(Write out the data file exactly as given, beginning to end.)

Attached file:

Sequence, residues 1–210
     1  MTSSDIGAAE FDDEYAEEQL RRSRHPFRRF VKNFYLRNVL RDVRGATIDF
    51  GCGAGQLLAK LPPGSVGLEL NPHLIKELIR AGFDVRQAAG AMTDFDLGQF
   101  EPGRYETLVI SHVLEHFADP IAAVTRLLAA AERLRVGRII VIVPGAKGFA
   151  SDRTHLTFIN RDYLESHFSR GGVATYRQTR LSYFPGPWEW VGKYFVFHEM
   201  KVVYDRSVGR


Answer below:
Sequence, residues 1–210
     1  MTSSDIGAAE FDDEYAEEQL RRSRHPFRRF VKNFYLRNVL RDVRGATIDF
    51  GCGAGQLLAK LPPGSVGLEL NPHLIKELIR AGFDVRQAAG AMTDFDLGQF
   101  EPGRYETLVI SHVLEHFADP IAAVTRLLAA AERLRVGRII VIVPGAKGFA
   151  SDRTHLTFIN RDYLESHFSR GGVATYRQTR LSYFPGPWEW VGKYFVFHEM
   201  KVVYDRSVGR